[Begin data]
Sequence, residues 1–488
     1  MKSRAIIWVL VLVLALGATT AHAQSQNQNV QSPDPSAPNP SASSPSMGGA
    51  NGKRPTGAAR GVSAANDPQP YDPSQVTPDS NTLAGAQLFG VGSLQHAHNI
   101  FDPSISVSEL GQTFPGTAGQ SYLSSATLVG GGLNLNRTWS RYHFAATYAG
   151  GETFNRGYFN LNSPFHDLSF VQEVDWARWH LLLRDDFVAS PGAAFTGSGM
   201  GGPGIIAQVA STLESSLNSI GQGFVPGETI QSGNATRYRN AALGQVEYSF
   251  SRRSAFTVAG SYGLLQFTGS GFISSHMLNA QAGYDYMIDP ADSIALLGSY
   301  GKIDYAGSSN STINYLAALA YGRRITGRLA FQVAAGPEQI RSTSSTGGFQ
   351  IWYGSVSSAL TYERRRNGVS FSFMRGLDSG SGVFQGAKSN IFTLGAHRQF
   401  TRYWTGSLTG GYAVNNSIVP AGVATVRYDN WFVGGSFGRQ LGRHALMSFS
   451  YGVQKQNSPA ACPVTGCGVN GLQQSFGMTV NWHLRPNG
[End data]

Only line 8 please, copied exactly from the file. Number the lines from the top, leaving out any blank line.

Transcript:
   301  GKIDYAGSSN STINYLAALA YGRRITGRLA FQVAAGPEQI RSTSSTGGFQ